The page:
The protracted border spat between India and China along the Himalayan terrain has not precluded their scientists from forging friendships to pursue a long-standing puzzle in astrophysics.
Indian and Chinese astronomers are part of a six-member international research group that has discovered lithium production in Sun-like stars that have exhausted their hydrogen fuel.
Their observations of lithium synthesis inside ageing stars challenge existing ideas of stellar life cycles that predict that such stars continuously destroy lithium — the only metal produced during the Big Bang 13.7 billion years ago and widely used in mobile phone and electric vehicle batteries.
Their analysis of the spectra from hundreds of thousands of stars scattered across the Milky Way galaxy has suggested that when stars exhaust their hydrogen fuel and start burning helium — a process called helium flash — they begin to produce lithium.
“Our Sun too will in the remote future change from a lithium destroyer to a lithium producer,” Yerra Bharat Kumar, an astronomer at the National Astronomical Observatories (NAO) at the Chinese Academy of Sciences, Beijing, told The Telegraph over the phone.
Kumar, who completed his doctorate degree at the Indian Institute of Astrophysics, Bangalore, has worked as a post-doctoral researcher in China for the past six years.
Two years ago, Kumar and senior IIA astrophysicist B. Eswar Reddy initiated their large-scale survey of stars in collaboration with Gang Zhao, an astrophysics professor at the NAO and others.
The abundance of lithium in the universe has been a decades-old puzzle. Although it was synthesized during the Big Bang — the birth of the universe — the amount of lithium has grown four-fold. In contrast, the abundances of other elements such as carbon, nitrogen, iron and nickel increased a million-fold.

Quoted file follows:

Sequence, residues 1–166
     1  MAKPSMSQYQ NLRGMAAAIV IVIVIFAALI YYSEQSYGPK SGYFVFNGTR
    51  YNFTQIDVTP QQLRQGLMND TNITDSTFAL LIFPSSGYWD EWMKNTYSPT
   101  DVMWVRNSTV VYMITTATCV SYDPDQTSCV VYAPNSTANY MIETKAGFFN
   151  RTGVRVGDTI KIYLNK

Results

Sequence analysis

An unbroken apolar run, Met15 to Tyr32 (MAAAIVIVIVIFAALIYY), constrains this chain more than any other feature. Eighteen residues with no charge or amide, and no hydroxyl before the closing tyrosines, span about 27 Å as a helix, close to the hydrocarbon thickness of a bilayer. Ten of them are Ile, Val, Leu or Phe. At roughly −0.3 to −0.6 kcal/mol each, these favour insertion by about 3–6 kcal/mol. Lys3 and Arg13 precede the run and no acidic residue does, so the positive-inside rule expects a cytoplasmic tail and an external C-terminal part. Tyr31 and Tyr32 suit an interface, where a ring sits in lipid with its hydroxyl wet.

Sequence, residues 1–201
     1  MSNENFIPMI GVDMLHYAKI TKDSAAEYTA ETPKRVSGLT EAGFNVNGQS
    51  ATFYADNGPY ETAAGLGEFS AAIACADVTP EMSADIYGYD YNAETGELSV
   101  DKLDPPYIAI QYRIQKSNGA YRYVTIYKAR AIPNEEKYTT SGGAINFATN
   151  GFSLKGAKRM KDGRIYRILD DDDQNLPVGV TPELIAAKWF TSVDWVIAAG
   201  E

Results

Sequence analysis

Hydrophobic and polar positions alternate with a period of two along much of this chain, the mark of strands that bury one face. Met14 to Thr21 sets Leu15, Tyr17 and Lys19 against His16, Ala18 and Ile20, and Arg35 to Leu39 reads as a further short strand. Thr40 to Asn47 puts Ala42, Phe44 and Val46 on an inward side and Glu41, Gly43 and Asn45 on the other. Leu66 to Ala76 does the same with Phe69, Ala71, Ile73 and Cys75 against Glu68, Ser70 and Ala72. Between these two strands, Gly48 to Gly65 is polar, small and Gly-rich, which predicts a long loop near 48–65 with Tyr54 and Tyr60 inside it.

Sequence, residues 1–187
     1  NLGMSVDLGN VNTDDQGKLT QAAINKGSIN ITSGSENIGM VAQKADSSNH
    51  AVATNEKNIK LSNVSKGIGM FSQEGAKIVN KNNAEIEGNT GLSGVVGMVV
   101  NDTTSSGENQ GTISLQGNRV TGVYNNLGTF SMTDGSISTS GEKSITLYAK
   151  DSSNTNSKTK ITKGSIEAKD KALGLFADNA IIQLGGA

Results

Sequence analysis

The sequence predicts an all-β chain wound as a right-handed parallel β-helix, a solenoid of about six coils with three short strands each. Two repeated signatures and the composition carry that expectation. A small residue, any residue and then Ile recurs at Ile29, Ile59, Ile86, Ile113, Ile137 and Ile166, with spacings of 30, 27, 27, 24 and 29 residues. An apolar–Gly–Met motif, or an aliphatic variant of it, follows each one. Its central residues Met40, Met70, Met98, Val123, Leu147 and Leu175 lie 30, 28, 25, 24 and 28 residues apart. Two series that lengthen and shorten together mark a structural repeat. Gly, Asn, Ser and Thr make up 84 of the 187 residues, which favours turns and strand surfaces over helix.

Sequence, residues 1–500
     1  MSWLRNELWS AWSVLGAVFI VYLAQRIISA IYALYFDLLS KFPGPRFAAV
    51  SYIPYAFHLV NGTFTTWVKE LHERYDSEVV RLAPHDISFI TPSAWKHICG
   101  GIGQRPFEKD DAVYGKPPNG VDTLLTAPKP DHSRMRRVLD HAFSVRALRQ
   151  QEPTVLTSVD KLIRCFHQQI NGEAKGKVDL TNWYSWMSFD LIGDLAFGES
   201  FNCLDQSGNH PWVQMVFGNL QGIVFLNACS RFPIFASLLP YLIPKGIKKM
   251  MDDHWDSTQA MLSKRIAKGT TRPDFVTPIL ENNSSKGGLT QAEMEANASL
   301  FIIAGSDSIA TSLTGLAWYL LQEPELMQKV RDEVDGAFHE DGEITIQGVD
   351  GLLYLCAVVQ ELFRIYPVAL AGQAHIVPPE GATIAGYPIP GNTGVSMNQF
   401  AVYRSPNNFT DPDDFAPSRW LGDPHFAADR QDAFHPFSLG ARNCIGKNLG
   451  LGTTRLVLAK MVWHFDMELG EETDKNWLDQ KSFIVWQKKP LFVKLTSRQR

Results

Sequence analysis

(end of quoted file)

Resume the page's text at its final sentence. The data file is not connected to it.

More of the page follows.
“But existing models of stars predict that they only destroy lithium — it is a fragile element and is destroyed in the extreme heat in the interior of stars,” said Reddy.
Now, the survey has revealed that all low-mass or Sun-like stars initially destroy lithium but begin cooking lithium in their interiors during the late phases of their lives. The scientists described their findings on Monday in the journal Nature Astronomy.
The Sun’s transition to a lithium producer is expected to occur around six billion years from now.
“Their findings contradict theoretical models of how a star like the Sun should behave as it ages,” said Dibyendu Nandi, a solar physicist at the Indian Institute of Science Education and Research, Calcutta, who was not associated with the research.
“This indicates the existence of a mysterious new mechanism for producing lithium in old stars. This is exciting because it points to new, hitherto-unknown physics lurking in the interiors of stars that are well past their prime,” Nandi said.
Reddy, who spent several months at the NAO last year working with collaborators in China, views the border issues between the two countries as aberrations that occur now and then against the backdrop of otherwise productive scientific collaboration.
The other team members are Sunayana Maben, an Indian pursuing a PhD at the NAO, Simon Campbell at Monash University, Australia, and Yuan-Sen Ting at Princeton University in the US.